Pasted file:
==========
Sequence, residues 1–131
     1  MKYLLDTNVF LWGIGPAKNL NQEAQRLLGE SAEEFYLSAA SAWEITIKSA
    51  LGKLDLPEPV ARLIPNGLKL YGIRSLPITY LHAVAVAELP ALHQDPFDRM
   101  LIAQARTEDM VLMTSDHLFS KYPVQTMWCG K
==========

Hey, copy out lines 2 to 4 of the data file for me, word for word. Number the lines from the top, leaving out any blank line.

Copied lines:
     1  MKYLLDTNVF LWGIGPAKNL NQEAQRLLGE SAEEFYLSAA SAWEITIKSA
    51  LGKLDLPEPV ARLIPNGLKL YGIRSLPITY LHAVAVAELP ALHQDPFDRM
   101  LIAQARTEDM VLMTSDHLFS KYPVQTMWCG K